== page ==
Eleven years after Illinois passed the Video Gaming Act, Edwardsville is now interested in participating.

The city’s finance committee discussed a plan Tuesday that would use the extra revenue as four different funding mechanisms. No votes were taken.

“We have been kicking around some ideas,” said City Administrator Kevin Head. “Our businesses are struggling.”

City officials know that their businesses need financial help, are facing steep revenue losses and have for months. Some businesses have already closed permanently. Leaders see this as a way to generate new revenue and attract customers.

Head defined it as “very regulated video gaming” and the city would not directly profit at all from this; all of the taxes would be for businesses.

As comparables, Belleville has 161 gaming terminals in 35 establishments. Last year, that city received $40,250 from licensing fees plus $312,066 from its share of tax on the net terminal income, or $352,316. In Alton, there are 146 terminals over 34 establishments. In 2019, the city received $36,500 in permit fees plus $354,593 as its share of the tax, or $391,093 in revenue.

The four revenue streams initially proposed in Edwardsville are business façade improvement grants (30 percent), historic preservation grants (commercial) 20 percent, business start-ups (10 percent) and capital improvements to the city’s water system (40 percent) to help offset future water rate increases.

Alderman Chris Farrar said he was open to the idea but he would like to see more than 10 percent go to business start-ups. Alderman Craig Louer disagreed.

“I don’t believe we should allocate anything to business start-up grants and it’s not because I’m not in favor of businesses starting up,” he said. “I think it poses a lot of problems with us. For instance, we are then in the process of picking winners and losers; we’re going to have to decide who gets it and who doesn’t get it.”

Below are the Illinois and Edwardsville regulations that would take effect if the city allow video gaming within its borders:

State regulations

• Issue licenses, which is $100 per terminal, per year

• There is a background check, including audits of business and staff, drug tests and arrest records

• The business must have a valid liquor license or be considered a truck stop

• A limit of six terminals per location

• Maximum bet and maximum cash awards set

• Area separated and restricted with barriers to customers 21 years old or older; staff must monitor game room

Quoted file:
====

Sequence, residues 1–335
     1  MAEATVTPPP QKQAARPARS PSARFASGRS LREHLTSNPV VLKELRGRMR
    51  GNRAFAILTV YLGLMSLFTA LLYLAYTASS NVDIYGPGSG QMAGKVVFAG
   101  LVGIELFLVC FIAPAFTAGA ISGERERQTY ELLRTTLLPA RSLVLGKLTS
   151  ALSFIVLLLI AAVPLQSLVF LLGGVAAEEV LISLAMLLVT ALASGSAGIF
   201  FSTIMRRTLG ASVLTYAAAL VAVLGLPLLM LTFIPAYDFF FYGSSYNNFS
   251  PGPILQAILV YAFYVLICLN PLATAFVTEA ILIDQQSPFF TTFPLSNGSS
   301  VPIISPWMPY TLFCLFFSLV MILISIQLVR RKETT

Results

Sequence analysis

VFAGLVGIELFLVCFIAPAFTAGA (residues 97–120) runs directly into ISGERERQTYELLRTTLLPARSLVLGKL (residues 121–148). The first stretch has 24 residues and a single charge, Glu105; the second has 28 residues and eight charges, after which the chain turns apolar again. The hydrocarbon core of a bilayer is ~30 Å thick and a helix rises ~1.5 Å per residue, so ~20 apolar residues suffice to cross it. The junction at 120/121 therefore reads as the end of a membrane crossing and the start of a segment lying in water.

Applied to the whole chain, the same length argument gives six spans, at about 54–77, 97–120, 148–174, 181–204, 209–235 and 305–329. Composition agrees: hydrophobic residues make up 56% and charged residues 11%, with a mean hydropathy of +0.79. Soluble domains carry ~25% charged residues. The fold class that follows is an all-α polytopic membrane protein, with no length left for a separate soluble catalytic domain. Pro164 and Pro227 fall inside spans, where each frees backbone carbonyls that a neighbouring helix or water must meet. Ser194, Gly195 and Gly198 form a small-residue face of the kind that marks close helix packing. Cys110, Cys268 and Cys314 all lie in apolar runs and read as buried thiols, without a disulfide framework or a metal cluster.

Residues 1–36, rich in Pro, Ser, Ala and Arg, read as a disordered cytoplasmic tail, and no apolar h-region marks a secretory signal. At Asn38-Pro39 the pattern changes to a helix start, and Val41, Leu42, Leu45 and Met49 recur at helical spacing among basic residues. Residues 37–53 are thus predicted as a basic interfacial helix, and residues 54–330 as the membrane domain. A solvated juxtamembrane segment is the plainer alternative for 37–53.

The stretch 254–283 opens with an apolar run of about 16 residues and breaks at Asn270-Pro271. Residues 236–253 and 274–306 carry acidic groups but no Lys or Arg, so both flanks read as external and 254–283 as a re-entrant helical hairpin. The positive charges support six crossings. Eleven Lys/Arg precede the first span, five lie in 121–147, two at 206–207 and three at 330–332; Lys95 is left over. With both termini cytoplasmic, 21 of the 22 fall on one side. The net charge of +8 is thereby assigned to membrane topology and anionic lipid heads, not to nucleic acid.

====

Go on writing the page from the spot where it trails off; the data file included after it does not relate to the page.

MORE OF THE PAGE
• Restricts locations to more than 100 feet from schools or places of worship

Local regulations

• Establishes Class V (video gaming) Liquor License, supplemental to Classes B (on-premises consumption) and D (fraternal organizations and clubs) – $500 annually

• Any Class A (retail sale; not for on-premise consumption) licensee that is within 1,500 feet of an interstate highway

• Six terminals per location

• Per terminal fee of $250 for frat/vet orgs; $750 for others (paid by establishment or third-party gaming operator)

• Operator fee of $500 per terminal (paid by third-party video gaming operator)

• Set square footage minimums and maximums

• Signage limited to one two feet by three feet – no dynamic displays, no flashing lights, no flags and no additional exterior signage

• 100 feet between establishments

He said another subjective area is where would the city council start when considering a new business versus an existing one.

He thinks sinking revenue from this into city infrastructure like its water and sewer system would reduce those costs, be fair and benefit all city businesses.

“I do have some reservations,” said Alderwoman Janet Stack. “When I first came to council, we went through this whole mess. At that time and because we have the university here and with the research I did at that time, I didn’t think it was appropriate for us to do it. I know that it hurt our fraternal organizations. I’m sorry about that but I have some real concerns.”

Video gaming revenue would go into a special account earmarked for these purposes. There would be a grant application process; approval by finance committee and city council; the finance director would manage tax revenue and fees; any unspent funds in the city’s general fund would be allocated to water system improvements.

Since former Governor Pat Quinn signed the act on July 13, 2009, 90 percent of all municipalities in the state permit video gaming. Edwardsville, Glen Carbon and Maryville are among those that chose not to take part.

After doing research, Finance Director Jeanne Wojcieszak said it was interesting to learn that among the eight area municipalities that allow gaming, the gambled losses versus pay-out are less than 10 percent. She added that public opinion views video gaming is seen as a source of entertainment.

The next step is to put this up for first reading before the administrative and community service (ACS) committee Thursday, then it goes to city council on Sept. 1 for first reading. Next, it will return as an ordinance at ACS on Sept. 10 for second reading before going to the full city council for second reading and action on Sept. 15.

Between Tuesday and Sept. 10, Alderman Craig Louer suggested aldermen share opinions on the topic with each other as well as with Head, the city administrator, and City Attorney Jeff Berkbigler.

If the city council approves it next month, officials would repeal the current ordinance prohibiting video gaming and replace it with a new ordinance covering video gaming guidelines, provisions, requirements and restrictions.